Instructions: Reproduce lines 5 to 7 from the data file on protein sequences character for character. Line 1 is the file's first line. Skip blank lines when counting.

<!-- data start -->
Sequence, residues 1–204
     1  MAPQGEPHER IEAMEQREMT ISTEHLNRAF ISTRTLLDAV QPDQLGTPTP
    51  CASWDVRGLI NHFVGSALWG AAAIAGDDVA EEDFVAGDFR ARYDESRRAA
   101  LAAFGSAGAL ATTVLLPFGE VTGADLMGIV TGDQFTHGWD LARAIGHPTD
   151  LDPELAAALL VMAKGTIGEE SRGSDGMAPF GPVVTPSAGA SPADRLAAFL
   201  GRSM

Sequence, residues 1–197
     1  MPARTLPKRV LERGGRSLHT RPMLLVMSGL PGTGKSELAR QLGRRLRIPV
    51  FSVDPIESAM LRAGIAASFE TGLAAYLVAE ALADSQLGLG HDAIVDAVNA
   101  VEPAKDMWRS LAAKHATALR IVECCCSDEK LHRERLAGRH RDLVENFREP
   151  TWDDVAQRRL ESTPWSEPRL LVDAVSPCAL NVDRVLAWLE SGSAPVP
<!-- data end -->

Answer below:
   151  LDPELAAALL VMAKGTIGEE SRGSDGMAPF GPVVTPSAGA SPADRLAAFL
   201  GRSM

Sequence, residues 1–197